At the speed of sound the cross section decrease due to speed changes is exactly balanced by the drop in density, so the same mass of air needs more volume and eats up all the gain from increased speed. Now there is a wall of air which cannot yield facing the approaching body. That is the sound barrier. In reality, the speed around that body does not reach the speed of sound at the same station in all tubes, so there are mildly sub- and supersonic sections which will allow it to squeeze through. Still, drag is much increased and depends heavily on details in the body contour.

At supersonic speed density changes more than speed, so in order to reduce its cross section, the air in the tubes will slow down in order to make way for the body. Since it has no advance warning of the approaching body, it does so in a shock. As a consequence, the cross section can now be reduced because density increases in that slower air past the shock. Static pressure increases also so total pressure can stay constant again.

This thought experiment was explained in 1951 to researchers at NACA Langley by Adolf Busemann. One person in the audience, a young fellow named Richard Whitcomb, used the insight he gained to formulate the area rule a few weeks later.

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    $\begingroup$ So would you call this wave or compressibility drag? $\endgroup$ – Daniel Nov 27 '18 at 21:39
  • $\begingroup$ @Daniel: Wave drag is not dying down as speed increases above Mach 1, being caused by the local inclination of the structure. The drag described here is proportional to the second derivative of cross section over the direction of flow, and it peaks around Mach 1. But the boundaries are fuzzy, I admit. It comes down to how you define wave drag precisely and what fraction of the total drag is then called wave drag. $\endgroup$ – Peter Kämpf Nov 28 '18 at 5:40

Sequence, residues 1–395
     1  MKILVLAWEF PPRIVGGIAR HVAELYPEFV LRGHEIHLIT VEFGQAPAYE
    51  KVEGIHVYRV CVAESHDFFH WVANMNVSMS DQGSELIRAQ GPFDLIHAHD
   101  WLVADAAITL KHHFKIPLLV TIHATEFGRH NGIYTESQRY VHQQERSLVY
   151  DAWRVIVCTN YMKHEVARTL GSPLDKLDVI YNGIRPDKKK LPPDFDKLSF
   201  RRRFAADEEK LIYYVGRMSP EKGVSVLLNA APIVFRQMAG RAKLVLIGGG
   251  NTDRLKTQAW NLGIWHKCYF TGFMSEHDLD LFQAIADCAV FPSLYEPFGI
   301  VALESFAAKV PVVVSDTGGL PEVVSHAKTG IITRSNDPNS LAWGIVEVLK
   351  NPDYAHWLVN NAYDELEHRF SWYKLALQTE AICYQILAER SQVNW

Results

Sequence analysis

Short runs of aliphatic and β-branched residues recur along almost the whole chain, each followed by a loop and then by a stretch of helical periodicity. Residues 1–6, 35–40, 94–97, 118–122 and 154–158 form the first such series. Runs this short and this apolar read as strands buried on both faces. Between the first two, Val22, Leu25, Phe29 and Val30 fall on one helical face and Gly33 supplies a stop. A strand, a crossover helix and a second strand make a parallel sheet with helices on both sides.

• $\begingroup$ Yeah, right. Some people might say that this is called both wave and compressibility drag. But as I showed in my answer, some might say that this is only wave drag, and compressibility drag is something different. $\endgroup$ – Daniel Nov 28 '18 at 11:14
  • $\begingroup$ @PeterKämpf: Wave drag could happen anywhere where a shock results. It need not be where a local inclination occurs. It could be on the smooth surface of an airfoil, where the accelearation is so high that Mach 1 is reached, causing a shock. The adverse pressure gradients and the flow separation that may result is wave drag. Area rule supposedly lowers wave drag (as I have learnt it; however, how it does so isn't very clear to me). Your explanation sheds light on this and implies that area rule reduces compressibility drag and not wave drag. Is this what you mean? Appreciate your feedback. $\endgroup$ – Guha.Gubin Nov 28 '18 at 11:33